During the annual flu season, mostly during the fall and winter months, millions of Americans fall ill, hundreds of thousands are hospitalized, and tens of thousands die from health issues tied to influenza.
October is here and that means it’s time for getting your flu shot  and making sure your kids do the same, according to the U.S. Centers for Disease Control and Prevention (CDC).
“Vaccination provides important protection from influenza illness and its potential complications,” the CDC says. During the six influenza seasons from 2010–11 through 2015–16, influenza vaccination prevented an estimated 1.6 to 6.7 million illnesses, 790,000 to 3.1 million outpatient medical visits, 39,000 to 87,000 hospitalizations, and 3,000 to 10,000 respiratory and circulatory deaths each season in the U.S., the agency states.
The 2017-2018 flu season was the most severe in a decade. While only moderate in severity, the 2018-2019 season was record-breaking in duration, with flu activity remaining elevated for 21 weeks.
“The flu shot remains the best way to prevent getting the flu,” says Melissa Franco, D.O. , a family medicine physician with Baptist Health Primary Care. “Flu season can go well into the spring, and it’s never too late to get vaccinated.”
In the United States, the typical flu season runs from October through May, usually peaking in February.
Here are the top four flu shot myths and why they’re wrong, according to the CDC:
Myth 1. Healthy people don’t need a flu vaccine.
Influenza (flu) is a contagious disease which can lead to serious illness, including pneumonia. Even healthy people can get sick enough to miss work or school for a significant amount of time or even be hospitalized. An annual flu vaccine is recommended for everyone 6 months of age and older. Pregnant women, young children, older people, and people with certain chronic medical conditions like asthma, diabetes and heart disease are at increased risk of serious flu-related complications, so getting a yearly flu vaccine is especially important for them.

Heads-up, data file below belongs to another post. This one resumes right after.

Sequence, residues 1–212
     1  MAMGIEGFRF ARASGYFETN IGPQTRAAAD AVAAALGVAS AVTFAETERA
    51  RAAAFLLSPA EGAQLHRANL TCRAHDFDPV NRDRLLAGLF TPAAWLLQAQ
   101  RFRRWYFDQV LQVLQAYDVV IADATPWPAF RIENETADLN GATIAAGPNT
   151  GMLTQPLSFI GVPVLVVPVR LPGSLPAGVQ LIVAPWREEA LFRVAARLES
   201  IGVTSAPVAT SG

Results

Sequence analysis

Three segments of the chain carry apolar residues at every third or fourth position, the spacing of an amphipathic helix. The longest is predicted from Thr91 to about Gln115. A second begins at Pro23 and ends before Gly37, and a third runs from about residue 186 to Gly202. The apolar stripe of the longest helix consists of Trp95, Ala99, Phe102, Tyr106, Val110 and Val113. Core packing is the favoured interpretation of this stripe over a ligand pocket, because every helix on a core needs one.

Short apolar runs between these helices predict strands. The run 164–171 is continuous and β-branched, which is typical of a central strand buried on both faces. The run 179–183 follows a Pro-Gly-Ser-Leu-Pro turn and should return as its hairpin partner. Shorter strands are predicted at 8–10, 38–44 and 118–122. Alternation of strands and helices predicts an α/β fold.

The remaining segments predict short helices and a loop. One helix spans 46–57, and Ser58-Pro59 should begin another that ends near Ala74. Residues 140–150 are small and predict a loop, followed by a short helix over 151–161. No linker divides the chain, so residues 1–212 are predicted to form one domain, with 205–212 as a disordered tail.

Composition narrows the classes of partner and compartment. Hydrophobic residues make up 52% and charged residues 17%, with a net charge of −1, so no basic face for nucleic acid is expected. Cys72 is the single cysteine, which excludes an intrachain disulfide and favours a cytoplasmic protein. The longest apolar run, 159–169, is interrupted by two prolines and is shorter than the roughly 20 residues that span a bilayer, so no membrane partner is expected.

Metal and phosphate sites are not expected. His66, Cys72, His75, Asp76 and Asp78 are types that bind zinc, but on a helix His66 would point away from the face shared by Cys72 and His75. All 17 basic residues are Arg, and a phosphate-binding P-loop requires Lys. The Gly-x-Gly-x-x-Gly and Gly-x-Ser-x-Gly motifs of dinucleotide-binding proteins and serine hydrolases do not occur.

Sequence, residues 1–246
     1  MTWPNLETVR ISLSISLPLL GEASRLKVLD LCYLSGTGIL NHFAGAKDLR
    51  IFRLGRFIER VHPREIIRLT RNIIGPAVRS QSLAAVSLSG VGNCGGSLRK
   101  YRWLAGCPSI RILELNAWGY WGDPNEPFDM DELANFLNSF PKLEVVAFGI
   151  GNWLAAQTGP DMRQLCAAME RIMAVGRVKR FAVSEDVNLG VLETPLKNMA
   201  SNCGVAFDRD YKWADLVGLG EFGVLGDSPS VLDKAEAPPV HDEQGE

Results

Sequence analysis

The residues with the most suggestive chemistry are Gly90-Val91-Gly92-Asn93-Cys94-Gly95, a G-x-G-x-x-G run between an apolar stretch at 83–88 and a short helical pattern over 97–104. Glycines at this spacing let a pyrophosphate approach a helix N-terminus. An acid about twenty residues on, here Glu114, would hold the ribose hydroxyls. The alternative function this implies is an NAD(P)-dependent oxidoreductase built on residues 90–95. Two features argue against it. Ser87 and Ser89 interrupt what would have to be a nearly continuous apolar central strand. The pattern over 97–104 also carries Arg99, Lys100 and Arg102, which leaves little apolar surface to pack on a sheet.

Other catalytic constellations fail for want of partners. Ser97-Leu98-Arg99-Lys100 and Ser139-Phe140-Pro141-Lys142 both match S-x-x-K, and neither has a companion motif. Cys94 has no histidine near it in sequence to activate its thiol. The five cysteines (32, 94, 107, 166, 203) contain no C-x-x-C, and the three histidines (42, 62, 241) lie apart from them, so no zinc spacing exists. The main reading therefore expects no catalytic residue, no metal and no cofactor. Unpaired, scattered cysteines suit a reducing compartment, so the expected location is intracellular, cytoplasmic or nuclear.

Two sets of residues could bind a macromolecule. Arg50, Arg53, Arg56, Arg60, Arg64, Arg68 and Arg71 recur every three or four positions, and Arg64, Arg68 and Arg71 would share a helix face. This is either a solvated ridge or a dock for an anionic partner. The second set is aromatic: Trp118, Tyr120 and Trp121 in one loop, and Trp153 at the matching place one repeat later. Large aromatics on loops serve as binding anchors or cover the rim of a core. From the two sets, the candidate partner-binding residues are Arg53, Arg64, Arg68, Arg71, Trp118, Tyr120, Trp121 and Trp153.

Myth 2: The flu vaccine may not be safe.
The flu vaccine is safe. Hundreds of millions of Americans have safely received flu vaccines over the past 50 years, and there has been extensive research supporting the safety of seasonal flu vaccines. Each year, CDC works closely with the U.S. Food and Drug Administration (FDA) and other partners to ensure the highest safety standards for flu vaccines.
Myth 3: The flu vaccine may cause serious side effects.
The most common side effects of flu vaccines are mild. But the flu vaccine cannot cause flu illness. Common side effects from the flu shot include soreness, redness, and/or swelling from the shot, headache, fever, muscle aches, and nausea. These side effects are NOT the flu. If experienced at all, these effects are usually mild and last only 1-2 days.
Myth 4: Even if I get sick, won’t I recover quickly?
Not necessarily. Influenza can be serious and anyone can become sick with flu and experience serious complications, including active and healthy kids, teens and adults. Even if you bounce back quickly, however, others around you might not be so lucky. You could spread your illness to someone who is more vulnerable to flu. Some people can be infected with the flu virus, but have no symptoms. During this time, you can still spread the virus to others. Don’t be the one spreading flu to those you care about.
Free Flu Shots from Baptist Health
Baptist Health is offering free flu shots at four locations throughout South Florida. No appointments necessary. No prescription required. No wait. Just walk in, get the shot and walk out the door. :
- Baptist Health Urgent Care Express in Key Biscayne ( 240 Crandon Blvd Suite 110, Key Biscayne)
- Baptist Health Urgent Care Express in Country Walk (Corsica Square shopping center, 15721 SW 152nd St, Miami)
- Baptist Health Urgent Care Express in Coral Springs (Shoppes at Heron Lakes, 5673 Coral Ridge Dr, Coral Springs)
Palm Beach County:
- Bethesda Urgent Care in Wellington (Wellington Green Mall, 10520 Forest Hill Blvd, Wellington)
You can get directions and hours for each location at BaptistHealth.net/UrgentCare .